Getting Your FCC License . . .

Now that you have checked out the Radio Station and Radio Operator licensing tables and have found that you either need a FCC License or maybe you are a voluntarily equipped vessel and just want to have a station or operator's license in case your future plans take you out of the U.S., let’s get you started!

To begin, all radio licensing in the U.S. whether it is a ship station license, a marine radio operator's permit, or an even an amateur license is done by the Federal Communications Commission (FCC).


Acquiring a ship station license is easy and involves nothing other than filling out a few forms and either filing them on line or mailing them to the FCC.

Getting your radio operators license on the other hand can range from easy to moderately difficult. Some licenses simply require the submission of a few forms (Restricted Radiotelephone Operator) and others will require an examination (Marine Radio Operator).

Don’t let the thought of an examination turn you off. It is rather simple. For those who already have a lot of experience in operating and using marine radios they will have little trouble passing the exam with a (1) hour review of the course material. Those who are completely new to the realm of marine communications would probably need only a few evenings of study in order to pass.

The Forms You Will Need…

You have the choice to either download the proper forms and mail them in or file electronically on line using the FCC’s Universal Licensing System (ULS). The choice is up to you. For me, I usually download the forms, fill them out, double check all the information, and then go on line and file electronically, but the choice is yours. You may also submit your registration request (Form 160) at the same time you file your application.

To file, you must first register with the FCC’s ULS System. Here is the link to the correct page to either log in or register as a new user - The FCC Universal Licensing System.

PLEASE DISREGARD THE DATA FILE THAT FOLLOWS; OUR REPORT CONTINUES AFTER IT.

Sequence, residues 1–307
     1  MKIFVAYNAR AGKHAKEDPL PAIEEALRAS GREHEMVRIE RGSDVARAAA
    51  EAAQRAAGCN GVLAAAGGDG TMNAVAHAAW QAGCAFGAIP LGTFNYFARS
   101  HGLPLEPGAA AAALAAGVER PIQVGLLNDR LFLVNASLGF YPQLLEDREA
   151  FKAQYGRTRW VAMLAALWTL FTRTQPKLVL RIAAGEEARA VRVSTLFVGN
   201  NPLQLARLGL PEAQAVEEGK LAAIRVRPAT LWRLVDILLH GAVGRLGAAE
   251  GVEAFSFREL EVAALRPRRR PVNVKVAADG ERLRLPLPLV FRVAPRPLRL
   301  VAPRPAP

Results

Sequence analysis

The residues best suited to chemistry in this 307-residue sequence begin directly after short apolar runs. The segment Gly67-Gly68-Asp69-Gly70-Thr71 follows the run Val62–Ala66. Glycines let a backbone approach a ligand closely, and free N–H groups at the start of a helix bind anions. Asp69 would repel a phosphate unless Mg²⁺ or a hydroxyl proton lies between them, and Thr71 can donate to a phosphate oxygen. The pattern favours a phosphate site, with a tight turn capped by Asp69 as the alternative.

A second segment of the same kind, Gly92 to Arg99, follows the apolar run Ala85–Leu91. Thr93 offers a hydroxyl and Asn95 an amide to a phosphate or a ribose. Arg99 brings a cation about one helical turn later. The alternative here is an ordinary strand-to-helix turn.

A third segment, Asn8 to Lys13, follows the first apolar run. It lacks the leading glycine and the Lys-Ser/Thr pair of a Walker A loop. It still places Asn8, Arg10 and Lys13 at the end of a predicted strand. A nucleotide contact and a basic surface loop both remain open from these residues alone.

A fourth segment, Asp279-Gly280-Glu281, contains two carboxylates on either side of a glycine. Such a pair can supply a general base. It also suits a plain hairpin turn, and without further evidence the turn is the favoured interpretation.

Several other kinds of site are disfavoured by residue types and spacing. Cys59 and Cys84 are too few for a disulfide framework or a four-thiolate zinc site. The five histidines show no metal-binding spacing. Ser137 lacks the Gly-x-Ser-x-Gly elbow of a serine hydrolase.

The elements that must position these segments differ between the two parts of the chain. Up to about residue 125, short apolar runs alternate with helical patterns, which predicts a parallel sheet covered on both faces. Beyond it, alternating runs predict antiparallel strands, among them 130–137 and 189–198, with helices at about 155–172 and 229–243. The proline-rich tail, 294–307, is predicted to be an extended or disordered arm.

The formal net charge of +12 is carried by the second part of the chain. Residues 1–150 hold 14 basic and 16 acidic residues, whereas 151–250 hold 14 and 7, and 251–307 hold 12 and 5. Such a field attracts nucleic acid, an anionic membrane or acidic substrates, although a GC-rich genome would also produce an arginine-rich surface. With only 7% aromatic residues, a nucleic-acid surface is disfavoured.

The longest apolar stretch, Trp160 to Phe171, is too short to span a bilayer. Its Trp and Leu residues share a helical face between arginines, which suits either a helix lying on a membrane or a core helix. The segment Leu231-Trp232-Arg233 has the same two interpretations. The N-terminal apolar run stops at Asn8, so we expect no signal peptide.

In all cases, whether you want to obtain your ship station or operator’s license, you will be required to complete between (4) and (5) forms:

  1. FCC Form 159 - The remittance form. (You really thought this was going to be free?)
  2. FCC Form 160 - Commission Registration Form (FRN.)
  3. FCC Form 605FCC Form 605 - The main application Form.
  4. And the appropriate FCC schedule/s for the license you are applying for:
    • Schedule A - For changes or modifications affecting multiple call signs.
    • Schedule B - When applying for a "Ship Station License."
    • Schedule C - When applying for an "Aircraft Station License."
    • Schedule D - When applying for an "Amateur Radio License."
    • Schedule E - When applying for a "Commercial Radio, Restricted Radiotelephone, or Restricted Radiotelephone-Limited Use License."
    • Schedule F - "90 Day Temporary Operator’s Permit."
    • Schedule G - “Request for Exemption” to the Licensing Rules.

Below, we have bundled all the required forms for each license into a single PDF file that you can download and complete when you want.

FCC Ship Station License

To apply for a FCC Ship Station License you will need to complete: Form 605, Schedule 605B, and Form 159. If this is the first time you have business with the FCC, you will also be required to have a "Federal Registration Number" (FRN.) You will need to complete Form 160 to be assigned a FRN. Complete instructions are included with each form.

FCC Ships Station License Package

FCC Radio Operator Licensing

To apply for a FCC Radio Operator’s License you will need to complete: Form 605, Schedule 605E, Schedule 605F, and Form 159. Form 160 will also need to be completed if you do not have a "FRN." Complete instructions are included with each form.

FCC Radio Operator License Package

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